- A software engineer in Texas spent almost a year working to embed her Tesla valet key in her arm.
- Amie DD, who documented the saga on her YouTube page and blog, said the project was completed without a hitch.
- Here’s how she did it.
- Visit Business Insider’s homepage for more stories.
There are Tesla fans, and then there are Tesla fans.
Amie DD, a software developer and biohacker in Texas, likely falls into the more enthusiastic of the two categories.
Over the past 11 months, Amie stripped down the valet card to her Tesla Model 3, removed the important bits, fabricated an implant, and successfully become a human embodiment of the key. Now she can unlock the electric car with just a wave.
Here’s how she did it.
The key’s antenna isn’t limited to one small part of the card, like in a credit or debit card. Instead, it uses a small wire around the perimeter of the card. So instead of cutting that out, Amie had to dissolve the card in acetone.
Removed from the card, the antenna was about 40 millimetres by 10 millimetres, or roughly the height of a Lego figure.
With help from a company called VivoKey, which specialises in implantable chips for computer passwords, ID badges, and more, Amie had the Tesla antenna encased in polymer so that it could safely* be implanted beneath her skin.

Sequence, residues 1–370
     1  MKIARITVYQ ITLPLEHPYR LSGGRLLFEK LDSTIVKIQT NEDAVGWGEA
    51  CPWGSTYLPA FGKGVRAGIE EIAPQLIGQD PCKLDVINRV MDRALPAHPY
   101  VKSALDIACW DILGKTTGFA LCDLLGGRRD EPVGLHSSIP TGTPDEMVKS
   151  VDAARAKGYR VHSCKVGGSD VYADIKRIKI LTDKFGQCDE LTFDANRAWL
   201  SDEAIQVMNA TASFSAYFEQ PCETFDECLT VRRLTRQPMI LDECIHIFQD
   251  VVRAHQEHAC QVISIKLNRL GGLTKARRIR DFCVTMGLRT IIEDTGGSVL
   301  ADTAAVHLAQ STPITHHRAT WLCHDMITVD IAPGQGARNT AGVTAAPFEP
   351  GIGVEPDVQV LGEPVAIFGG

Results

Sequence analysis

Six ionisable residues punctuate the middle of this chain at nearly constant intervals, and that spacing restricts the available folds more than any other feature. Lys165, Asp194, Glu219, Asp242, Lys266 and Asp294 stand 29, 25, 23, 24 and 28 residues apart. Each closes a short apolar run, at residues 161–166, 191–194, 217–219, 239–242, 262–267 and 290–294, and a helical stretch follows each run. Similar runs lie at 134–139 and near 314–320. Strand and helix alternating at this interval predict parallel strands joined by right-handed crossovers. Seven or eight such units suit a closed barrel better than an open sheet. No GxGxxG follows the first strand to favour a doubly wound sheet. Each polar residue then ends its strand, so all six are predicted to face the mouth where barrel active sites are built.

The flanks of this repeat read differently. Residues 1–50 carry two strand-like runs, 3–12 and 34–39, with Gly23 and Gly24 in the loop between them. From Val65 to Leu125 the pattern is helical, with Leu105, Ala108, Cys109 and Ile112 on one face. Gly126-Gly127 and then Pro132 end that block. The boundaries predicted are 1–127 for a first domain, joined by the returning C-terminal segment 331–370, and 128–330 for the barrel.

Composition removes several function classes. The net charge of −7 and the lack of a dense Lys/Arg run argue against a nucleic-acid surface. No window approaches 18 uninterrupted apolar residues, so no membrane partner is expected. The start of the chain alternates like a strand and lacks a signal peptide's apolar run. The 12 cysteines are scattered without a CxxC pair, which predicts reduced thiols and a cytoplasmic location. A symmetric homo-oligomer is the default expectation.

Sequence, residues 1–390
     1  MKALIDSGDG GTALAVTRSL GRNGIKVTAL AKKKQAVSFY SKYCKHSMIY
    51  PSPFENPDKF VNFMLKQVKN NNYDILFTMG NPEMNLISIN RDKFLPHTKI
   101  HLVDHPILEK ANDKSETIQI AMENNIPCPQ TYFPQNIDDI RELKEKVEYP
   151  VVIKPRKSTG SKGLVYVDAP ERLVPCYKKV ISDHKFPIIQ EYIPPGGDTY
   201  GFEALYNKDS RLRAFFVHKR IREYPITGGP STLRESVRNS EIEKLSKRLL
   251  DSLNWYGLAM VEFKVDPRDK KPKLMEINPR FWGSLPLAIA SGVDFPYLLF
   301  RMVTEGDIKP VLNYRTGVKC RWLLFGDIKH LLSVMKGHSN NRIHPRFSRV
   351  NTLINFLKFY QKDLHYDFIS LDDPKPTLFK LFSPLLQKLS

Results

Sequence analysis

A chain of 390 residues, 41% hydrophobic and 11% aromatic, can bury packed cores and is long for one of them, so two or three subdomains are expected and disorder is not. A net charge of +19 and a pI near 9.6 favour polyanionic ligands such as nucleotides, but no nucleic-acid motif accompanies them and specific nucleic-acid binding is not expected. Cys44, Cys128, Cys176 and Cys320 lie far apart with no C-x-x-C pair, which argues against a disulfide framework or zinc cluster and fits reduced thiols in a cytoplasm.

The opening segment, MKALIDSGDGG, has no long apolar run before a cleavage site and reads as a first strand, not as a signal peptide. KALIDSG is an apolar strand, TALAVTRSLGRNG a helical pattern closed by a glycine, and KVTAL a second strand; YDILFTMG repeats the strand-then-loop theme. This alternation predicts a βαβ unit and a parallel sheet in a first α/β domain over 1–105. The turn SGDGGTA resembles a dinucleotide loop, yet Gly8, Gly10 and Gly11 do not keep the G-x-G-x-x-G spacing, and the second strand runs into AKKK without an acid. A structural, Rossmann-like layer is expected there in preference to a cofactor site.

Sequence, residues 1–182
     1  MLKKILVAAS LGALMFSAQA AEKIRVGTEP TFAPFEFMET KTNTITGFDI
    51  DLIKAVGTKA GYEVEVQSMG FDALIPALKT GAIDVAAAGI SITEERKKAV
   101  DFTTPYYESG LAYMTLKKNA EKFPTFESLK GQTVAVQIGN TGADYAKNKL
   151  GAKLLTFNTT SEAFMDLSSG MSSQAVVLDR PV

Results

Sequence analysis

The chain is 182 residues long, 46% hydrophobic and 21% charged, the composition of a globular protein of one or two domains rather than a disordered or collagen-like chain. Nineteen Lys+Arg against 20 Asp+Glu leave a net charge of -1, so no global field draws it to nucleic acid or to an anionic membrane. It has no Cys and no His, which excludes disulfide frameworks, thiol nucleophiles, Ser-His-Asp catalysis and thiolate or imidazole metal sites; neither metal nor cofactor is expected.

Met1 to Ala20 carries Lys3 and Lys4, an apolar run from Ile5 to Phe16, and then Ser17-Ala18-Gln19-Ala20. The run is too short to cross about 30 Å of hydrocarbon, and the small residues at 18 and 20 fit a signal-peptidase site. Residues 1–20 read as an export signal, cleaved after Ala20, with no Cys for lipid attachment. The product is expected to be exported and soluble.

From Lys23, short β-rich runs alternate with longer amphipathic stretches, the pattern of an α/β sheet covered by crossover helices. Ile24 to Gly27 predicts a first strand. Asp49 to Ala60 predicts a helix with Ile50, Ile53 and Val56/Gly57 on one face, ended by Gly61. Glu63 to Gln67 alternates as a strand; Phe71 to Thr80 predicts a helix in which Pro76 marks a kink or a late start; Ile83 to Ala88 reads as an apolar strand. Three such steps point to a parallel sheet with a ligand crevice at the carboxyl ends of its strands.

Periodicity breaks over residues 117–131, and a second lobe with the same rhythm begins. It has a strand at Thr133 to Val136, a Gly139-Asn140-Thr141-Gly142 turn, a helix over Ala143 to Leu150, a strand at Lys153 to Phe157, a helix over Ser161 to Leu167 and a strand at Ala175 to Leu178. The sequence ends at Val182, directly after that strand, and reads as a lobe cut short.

*Please do not try this at home.
“I talked to a few doctors – they were a little wary about doing this, because it’s kind of a questionable thing,” Amie said in a video.
From there, Amie enlisted the help of a piercing shop called Shaman Modifications to have the device installed.
“He was amazing, detailed, explained all the steps to me,”Amie said on her blog where she documented the entire process. “His studio was clean and sanitised. I was so nervous leading up to this, and he made the process so amazing!!”
Eventually, the chip made its way under her skin. We’ll leave out the bloody parts, but here’s the markup pre-operation.
Amie hasn’t posted any footage of the implant actually unlocking her car, but the hardware is very much in her body, according to the YouTube saga thus far.
Why didn’t I post a video of the chip working with my car the day I got it? 1. I was at @defcon this weekend! 2. My arm was swollen right after(none of my other chip implants read the first few days). I may have upgrades but unfortunately my body still heals at a human rate lol! pic.twitter.com/WKHogGKqmE
— Amie DD (@amiedoubleD) August 13, 2019
What if she gets a new car?
It’s unclear whether the key could be used for a new car, but if the replacement were a Tesla, it might be possible.
Here’s what VivoKey said:
— VivoKey Technologies (@vivokey) August 13, 2019
“It makes me want to do it more,” she said of sceptics who were critical of her plan. “Not because I want to defy them, but it makes me question why — why can’t you do it that way, and what are the limitations?”
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